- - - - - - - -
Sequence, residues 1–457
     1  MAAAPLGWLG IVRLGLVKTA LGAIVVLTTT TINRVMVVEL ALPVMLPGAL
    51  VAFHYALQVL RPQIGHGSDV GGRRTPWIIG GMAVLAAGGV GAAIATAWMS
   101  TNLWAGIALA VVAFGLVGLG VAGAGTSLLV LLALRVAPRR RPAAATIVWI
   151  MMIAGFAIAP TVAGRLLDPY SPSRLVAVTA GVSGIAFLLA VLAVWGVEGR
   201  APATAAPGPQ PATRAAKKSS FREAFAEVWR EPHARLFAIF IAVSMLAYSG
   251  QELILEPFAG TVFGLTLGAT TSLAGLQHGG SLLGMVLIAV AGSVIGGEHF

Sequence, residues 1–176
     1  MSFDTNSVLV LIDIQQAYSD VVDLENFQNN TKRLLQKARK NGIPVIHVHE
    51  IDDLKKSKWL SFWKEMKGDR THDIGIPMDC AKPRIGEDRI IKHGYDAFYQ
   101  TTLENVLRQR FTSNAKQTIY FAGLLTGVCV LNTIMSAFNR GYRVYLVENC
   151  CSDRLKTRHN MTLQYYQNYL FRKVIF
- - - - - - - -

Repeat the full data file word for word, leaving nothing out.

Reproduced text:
Sequence, residues 1–457
     1  MAAAPLGWLG IVRLGLVKTA LGAIVVLTTT TINRVMVVEL ALPVMLPGAL
    51  VAFHYALQVL RPQIGHGSDV GGRRTPWIIG GMAVLAAGGV GAAIATAWMS
   101  TNLWAGIALA VVAFGLVGLG VAGAGTSLLV LLALRVAPRR RPAAATIVWI
   151  MMIAGFAIAP TVAGRLLDPY SPSRLVAVTA GVSGIAFLLA VLAVWGVEGR
   201  APATAAPGPQ PATRAAKKSS FREAFAEVWR EPHARLFAIF IAVSMLAYSG
   251  QELILEPFAG TVFGLTLGAT TSLAGLQHGG SLLGMVLIAV AGSVIGGEHF

Sequence, residues 1–176
     1  MSFDTNSVLV LIDIQQAYSD VVDLENFQNN TKRLLQKARK NGIPVIHVHE
    51  IDDLKKSKWL SFWKEMKGDR THDIGIPMDC AKPRIGEDRI IKHGYDAFYQ
   101  TTLENVLRQR FTSNAKQTIY FAGLLTGVCV LNTIMSAFNR GYRVYLVENC
   151  CSDRLKTRHN MTLQYYQNYL FRKVIF